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School District Five becomes first professional development district of its kind in the nation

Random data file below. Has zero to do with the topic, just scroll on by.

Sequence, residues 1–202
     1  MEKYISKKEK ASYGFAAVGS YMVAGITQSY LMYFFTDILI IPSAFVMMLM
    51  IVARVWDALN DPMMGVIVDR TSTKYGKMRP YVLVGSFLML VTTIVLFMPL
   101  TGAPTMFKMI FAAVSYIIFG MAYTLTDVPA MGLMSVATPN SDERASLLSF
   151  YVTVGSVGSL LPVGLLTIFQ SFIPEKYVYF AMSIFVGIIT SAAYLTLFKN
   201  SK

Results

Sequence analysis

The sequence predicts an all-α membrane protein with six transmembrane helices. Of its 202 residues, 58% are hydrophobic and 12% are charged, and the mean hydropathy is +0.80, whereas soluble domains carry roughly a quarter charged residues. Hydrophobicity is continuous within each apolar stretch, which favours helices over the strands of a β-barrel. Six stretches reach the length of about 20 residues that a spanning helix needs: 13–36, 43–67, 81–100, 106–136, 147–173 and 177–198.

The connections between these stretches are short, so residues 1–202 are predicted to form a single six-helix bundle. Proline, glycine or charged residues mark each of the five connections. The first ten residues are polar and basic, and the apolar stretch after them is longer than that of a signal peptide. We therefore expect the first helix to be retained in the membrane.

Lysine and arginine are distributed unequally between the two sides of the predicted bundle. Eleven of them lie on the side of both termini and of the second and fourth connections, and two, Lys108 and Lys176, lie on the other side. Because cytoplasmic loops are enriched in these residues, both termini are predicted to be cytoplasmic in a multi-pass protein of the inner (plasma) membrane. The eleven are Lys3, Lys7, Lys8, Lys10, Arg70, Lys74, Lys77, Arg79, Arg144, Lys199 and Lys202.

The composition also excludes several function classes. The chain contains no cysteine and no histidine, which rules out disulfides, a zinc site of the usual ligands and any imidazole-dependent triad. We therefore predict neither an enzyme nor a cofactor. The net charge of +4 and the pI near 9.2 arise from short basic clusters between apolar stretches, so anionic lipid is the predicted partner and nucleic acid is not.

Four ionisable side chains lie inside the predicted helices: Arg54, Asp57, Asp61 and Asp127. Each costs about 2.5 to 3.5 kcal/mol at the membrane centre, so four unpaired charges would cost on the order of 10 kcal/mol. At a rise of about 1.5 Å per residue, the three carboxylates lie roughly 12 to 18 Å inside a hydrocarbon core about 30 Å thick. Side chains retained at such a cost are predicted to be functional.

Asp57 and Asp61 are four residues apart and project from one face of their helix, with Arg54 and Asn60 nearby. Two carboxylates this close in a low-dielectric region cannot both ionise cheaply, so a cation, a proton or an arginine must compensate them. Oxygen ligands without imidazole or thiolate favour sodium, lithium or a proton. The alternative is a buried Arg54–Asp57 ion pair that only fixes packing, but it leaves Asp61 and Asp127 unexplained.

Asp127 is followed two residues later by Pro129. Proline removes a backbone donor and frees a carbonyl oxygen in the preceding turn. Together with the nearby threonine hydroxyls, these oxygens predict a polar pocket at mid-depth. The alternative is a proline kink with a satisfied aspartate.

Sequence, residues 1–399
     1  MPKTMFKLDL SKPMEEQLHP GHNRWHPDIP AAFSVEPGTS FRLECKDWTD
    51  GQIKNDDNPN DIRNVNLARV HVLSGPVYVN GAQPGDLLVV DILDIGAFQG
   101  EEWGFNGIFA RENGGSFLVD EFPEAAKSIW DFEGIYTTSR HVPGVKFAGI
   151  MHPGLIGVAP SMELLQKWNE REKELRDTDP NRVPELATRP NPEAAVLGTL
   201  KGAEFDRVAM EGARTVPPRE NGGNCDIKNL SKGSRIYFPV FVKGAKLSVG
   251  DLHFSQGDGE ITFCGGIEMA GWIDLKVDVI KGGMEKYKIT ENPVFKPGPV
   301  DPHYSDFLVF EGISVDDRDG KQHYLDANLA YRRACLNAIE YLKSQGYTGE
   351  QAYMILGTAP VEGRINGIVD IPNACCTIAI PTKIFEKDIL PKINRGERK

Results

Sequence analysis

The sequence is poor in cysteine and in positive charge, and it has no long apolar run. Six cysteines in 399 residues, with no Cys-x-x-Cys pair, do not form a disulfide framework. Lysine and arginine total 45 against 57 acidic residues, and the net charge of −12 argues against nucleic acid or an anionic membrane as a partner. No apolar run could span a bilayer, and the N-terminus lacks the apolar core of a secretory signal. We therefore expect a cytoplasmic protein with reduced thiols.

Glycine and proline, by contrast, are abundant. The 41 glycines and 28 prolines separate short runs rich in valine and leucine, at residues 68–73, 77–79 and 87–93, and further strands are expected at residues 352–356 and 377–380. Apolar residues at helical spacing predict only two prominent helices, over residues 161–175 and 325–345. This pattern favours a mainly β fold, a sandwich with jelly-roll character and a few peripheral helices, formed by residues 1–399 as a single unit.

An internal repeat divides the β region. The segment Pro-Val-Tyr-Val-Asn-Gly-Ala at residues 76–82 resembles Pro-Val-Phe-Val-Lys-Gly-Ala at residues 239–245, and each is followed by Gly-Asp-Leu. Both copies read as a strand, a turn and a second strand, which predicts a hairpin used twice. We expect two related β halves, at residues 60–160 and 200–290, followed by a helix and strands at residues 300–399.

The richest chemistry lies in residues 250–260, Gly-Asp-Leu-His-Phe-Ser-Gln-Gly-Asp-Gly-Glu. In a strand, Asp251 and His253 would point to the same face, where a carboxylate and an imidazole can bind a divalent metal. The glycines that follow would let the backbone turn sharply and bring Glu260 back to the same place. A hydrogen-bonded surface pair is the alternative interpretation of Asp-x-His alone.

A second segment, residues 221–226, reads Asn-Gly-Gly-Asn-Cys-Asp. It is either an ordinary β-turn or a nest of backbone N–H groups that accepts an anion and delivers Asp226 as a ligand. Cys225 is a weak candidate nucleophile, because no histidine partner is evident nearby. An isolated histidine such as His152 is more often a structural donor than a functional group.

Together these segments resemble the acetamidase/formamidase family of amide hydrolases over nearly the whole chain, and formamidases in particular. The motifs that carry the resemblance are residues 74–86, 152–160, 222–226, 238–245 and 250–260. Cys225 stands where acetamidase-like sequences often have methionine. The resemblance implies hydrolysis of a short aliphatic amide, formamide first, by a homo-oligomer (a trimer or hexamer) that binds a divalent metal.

Irmo, SC – Lexington-Richland School District Five has partnered with the University of South Carolina to become the first ever professional development school district of its kind in the nation. Through the National Association for Professional Development Schools, professional development schools (PDS) nationwide are partnerships between university education departments and schools to prepare new teachers, offer faculty training, help improve classroom practices and enhance student achievement. Schools in South Carolina must apply to the University of South Carolina and be approved through a rigorous review process before receiving the PDS designation. In School District Five, there already are four Professional Development Schools: Irmo Middle School, Oak Pointe Elementary School, Irmo Elementary School and Dutch Fork High School. There are 21 active PDS sites in five Midlands school districts. Superintendent Dr. Christina Melton said the new Professional Development Schools-District (PDS-D) will impact every school in School District Five, utilize several colleges within UofSC and focus initially on two key areas: preschool and the social-emotional and physical health of students. “This is a landmark initiative with exciting implications for our district and public education as a whole,” Melton said. “PDS-D is intended to wrap services to support the whole child, bringing in several colleges from the university into our schools. This will allow for laboratory learning, best practices, up-to-date research implementation and professional development led by specialist for our educators. We are honored to be the first PDS-D partnership of this kind in the nation.” At the University of South Carolina, the Professional Development Schools Network has been a key part of the education preparation process at the University of South Carolina for more than 28 years. The University of South Carolina began sponsoring a PDS National Conference in March 2000. That initial event, held in Columbia, S.C., attracted nearly six hundred educators, prompting the university to sponsor annual national conferences and helping to establish the National Association of Professional Development Schools. “Central to the success of PK-12 education in our state is the nurturing of strong partnerships between colleges of education and school districts. For 28 years, the College of Education has been a national leader in combining school improvement with the preparation of teachers through our Professional Development Schools network,” said Jon Pedersen, dean of the College of Education. “Our long history is only strengthened through our new endeavor, a Professional Development School-District, with Lexington-Richland Five. Together we will continue to transform the lives of our future teachers and the students they teach by supporting the whole child.” In 2017, Melton and USC officials met to discuss and develop the idea of a PDS district. School District Five has consistently been recognized for high achievement in academics, the arts, athletics, leadership and community service, earning state and national awards each year. Niche.com, a national clearinghouse for evaluating public education, recently ranked School District Five among the top school districts in South Carolina. The district’s SAT and ACT scores are among the top in the state annually, and U.S. News & World Report recently ranked School District Five among the top in South Carolina for preparing students for college. For School District Five administrators, having the first PDS-District of its kind in the nation has several benefits. “We have a lot to gain and give through this new initiative,” said Irmo Middle School Principal Cassy Paschal, who has served as principal at two of the district’s PDS sites. “We all know how important it is to have highly-skilled, well-trained teachers in classrooms and how important it is to focus in on the needs of our students. As principal of a Professional Development School, I see the benefits each day. It’s a huge honor, and we can’t wait to see the impacts this will have on our students.”

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